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An attempt to elect a woman as President of the United States, begun

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An attempt to elect a woman as President of the United States, begun  [#permalink]

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New post Updated on: 27 Sep 2018, 04:05
2
11
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A
B
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An attempt to elect a woman as President of the United States, begun 15 years ago, has had no success despite the willingness of the Democratic Party to back a female candidate.

(A) to elect a woman as President of the United States, begun 15 years ago
(B) begun 15 years ago, to elect a woman as President of the United States
(C) begun for electing a woman as President of the United States 15 years ago
(D) at electing a woman as President of the United States, begun 15 years ago
(E) that has begun 15 years ago to elect a woman as President of the United States


Spoiler: :: doubt&OE
OE says E has incorrect tense. GMATNinja Would you please explain what could have been the correct tense in E
OE:
This question has to do with word order. The attempt was begun fifteen years ago. Options A and D could imply that the United States was begun fifteen years ago. C has poor word order by splitting ‘begun’ and ‘fifteen years ago’. It also incorrectly uses ‘for electing’. E uses the wrong tense. Choice B is the correct answer.

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Originally posted by TaN1213 on 17 Dec 2017, 06:26.
Last edited by Bunuel on 27 Sep 2018, 04:05, edited 5 times in total.
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Re: An attempt to elect a woman as President of the United States, begun  [#permalink]

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New post 23 Dec 2017, 13:47
4
1
TaN1213 wrote:
I, too, am having the same doubt, which is why I have requested GMATNinja, in spoiler section, to clarify it.

Expert,

Please confirm whether the following understanding about tense issue in E is correct-

'Has'- present perfect- is inconsistent with 'had' - past perfect.
Further, in such case, isn't simple past - that began- sufficient? Or the sentence needs the structure- that had begun ?
Thanks!

There are a whole bunch of issues in here, and some of them don't seem to appear on the actual GMAT very often! The usual friendly warnings apply here about non-official verbal questions: GMAC spends somewhere between $1500 and $3000 developing each question, and even the very best test-prep companies can't quite compete with that.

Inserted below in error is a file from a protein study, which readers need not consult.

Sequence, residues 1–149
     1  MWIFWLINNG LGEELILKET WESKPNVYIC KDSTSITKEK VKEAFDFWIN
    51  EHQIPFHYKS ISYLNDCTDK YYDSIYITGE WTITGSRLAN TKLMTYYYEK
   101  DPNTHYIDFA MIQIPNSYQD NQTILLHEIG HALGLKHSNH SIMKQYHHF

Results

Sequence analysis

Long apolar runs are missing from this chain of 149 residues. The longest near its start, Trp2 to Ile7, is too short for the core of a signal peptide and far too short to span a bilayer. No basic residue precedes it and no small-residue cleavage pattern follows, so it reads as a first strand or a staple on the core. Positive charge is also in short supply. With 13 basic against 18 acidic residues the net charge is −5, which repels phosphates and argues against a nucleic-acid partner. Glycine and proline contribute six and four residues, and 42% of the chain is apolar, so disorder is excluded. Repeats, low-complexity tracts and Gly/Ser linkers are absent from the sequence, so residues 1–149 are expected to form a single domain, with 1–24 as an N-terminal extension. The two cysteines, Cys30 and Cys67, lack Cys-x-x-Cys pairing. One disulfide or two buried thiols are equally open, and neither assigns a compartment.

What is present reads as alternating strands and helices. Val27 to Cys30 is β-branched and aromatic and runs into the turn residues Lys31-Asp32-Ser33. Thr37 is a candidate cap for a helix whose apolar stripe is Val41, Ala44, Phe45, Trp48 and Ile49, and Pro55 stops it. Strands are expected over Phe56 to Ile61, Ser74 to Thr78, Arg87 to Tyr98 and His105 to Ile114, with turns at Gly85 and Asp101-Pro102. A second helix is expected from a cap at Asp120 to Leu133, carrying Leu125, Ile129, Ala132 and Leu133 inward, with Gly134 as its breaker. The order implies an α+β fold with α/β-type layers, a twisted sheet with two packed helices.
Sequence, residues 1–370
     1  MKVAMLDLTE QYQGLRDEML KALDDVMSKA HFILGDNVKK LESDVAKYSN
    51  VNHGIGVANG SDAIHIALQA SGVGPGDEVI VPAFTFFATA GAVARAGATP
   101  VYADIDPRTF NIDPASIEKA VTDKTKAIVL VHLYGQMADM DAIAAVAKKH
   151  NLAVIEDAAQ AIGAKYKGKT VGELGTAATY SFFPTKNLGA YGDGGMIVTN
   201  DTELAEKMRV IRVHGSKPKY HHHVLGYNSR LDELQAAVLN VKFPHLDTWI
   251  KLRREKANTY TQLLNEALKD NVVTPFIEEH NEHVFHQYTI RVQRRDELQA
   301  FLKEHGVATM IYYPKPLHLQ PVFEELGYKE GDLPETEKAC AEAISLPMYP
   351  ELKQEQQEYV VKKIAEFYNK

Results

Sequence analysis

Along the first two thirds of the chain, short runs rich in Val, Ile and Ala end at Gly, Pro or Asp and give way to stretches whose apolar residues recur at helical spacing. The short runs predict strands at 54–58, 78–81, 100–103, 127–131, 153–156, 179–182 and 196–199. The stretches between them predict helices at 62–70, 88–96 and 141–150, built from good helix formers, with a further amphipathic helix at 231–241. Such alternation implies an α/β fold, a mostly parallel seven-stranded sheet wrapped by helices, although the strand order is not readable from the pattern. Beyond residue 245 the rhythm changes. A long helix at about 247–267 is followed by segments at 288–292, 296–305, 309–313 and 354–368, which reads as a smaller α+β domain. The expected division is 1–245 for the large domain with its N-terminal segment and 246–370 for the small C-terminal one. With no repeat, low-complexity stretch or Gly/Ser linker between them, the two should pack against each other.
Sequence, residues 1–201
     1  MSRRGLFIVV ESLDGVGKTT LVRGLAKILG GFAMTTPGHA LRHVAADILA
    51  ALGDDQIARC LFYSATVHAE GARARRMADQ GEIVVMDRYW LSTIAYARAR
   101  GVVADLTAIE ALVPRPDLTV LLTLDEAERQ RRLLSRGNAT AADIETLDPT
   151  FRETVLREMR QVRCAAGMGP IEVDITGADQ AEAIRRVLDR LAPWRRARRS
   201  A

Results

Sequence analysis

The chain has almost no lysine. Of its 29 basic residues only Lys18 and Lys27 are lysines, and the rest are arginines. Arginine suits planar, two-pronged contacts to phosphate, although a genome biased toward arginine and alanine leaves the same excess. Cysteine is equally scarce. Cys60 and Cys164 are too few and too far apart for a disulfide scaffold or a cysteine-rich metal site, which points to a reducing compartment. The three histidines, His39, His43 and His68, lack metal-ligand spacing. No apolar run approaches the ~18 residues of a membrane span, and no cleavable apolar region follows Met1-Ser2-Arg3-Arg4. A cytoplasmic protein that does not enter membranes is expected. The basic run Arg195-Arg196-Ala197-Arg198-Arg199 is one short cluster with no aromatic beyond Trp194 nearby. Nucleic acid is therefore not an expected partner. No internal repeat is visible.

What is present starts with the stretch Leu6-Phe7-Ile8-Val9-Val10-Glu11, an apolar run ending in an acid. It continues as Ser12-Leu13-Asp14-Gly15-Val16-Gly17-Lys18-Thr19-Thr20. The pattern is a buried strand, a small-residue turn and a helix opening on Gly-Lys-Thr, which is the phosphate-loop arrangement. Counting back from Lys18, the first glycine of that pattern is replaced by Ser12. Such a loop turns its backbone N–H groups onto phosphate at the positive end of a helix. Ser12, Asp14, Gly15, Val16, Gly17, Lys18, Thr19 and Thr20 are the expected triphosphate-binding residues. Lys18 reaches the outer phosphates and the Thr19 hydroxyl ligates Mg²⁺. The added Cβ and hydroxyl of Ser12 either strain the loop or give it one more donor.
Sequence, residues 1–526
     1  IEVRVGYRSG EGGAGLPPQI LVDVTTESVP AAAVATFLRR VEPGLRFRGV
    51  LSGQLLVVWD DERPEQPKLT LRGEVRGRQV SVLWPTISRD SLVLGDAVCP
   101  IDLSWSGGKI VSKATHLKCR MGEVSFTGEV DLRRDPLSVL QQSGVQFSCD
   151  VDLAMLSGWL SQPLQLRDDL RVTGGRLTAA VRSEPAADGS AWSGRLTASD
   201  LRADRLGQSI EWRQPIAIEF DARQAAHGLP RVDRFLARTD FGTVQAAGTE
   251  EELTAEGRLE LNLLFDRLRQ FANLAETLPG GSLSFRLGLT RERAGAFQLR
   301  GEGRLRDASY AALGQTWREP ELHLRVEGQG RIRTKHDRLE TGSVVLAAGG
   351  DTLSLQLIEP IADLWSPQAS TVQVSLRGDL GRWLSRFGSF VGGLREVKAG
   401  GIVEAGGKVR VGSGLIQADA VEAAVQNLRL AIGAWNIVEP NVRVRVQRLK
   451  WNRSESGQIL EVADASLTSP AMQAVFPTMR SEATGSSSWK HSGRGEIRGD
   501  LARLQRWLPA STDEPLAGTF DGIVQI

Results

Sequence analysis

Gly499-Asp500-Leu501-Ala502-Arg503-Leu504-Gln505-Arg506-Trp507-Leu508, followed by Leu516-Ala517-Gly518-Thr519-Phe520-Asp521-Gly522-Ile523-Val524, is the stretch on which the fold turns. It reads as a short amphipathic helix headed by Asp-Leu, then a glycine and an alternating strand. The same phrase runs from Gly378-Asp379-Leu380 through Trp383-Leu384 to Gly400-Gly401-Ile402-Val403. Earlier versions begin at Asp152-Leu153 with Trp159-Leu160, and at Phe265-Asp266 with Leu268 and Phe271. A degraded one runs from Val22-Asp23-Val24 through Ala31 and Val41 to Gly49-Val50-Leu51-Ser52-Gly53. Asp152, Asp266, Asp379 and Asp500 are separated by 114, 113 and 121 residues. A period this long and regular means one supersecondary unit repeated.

I'm not sure if this is part of the issue, but for starters: "begun" in (B) isn't a verb at all -- it's actually an adjective. Consider these:

    1. Burritos smothered in green chile make Charles happy. --> "smothered" sounds like a verb, but it's actually an adjective
    2. Burritos eaten with unbridled joy will not make you fat. --> "eaten" sounds like a verb, but it's also an adjective
    3. The project started by Amber in 1998 will be complete in 2019. --> "started" is also an adjective...
    4. The project begun by Amber in 1998 will be complete in 2019. --> ... and so is "begun" in this case

More on these "-ed" words in this crusty old article: https://gmatclub.com/forum/experts-topi ... 40280.html

gmatexam439 is correct about the verb tense issues in (E). I'm not sure, but it sounds like part of the misconception might be that you're assuming that the word "had" automatically indicates the past perfect tense, and that's not quite right:

    1. Domenico had a colonoscopy this morning. --> simple past tense
    2. Domenico has had monthly colonoscopies since 2007. --> present perfect tense, indicating an action that starts in the past and continues in the present (presumably, Domenico will continue having monthly colonoscopies)
    3. Domenico had had several colonoscopies before he decided that his rectum is exit-only. --> "had had" is past perfect tense, and must indicate an action that happens in the past, before some other action or "marker" in the past (in this case, "he decided" is the later action in the past, so this sentence is acceptable)

(For a long-winded hour on verb tenses, feel free to check out this webinar: https://www.youtube.com/watch?v=fxANHcxwbeM.)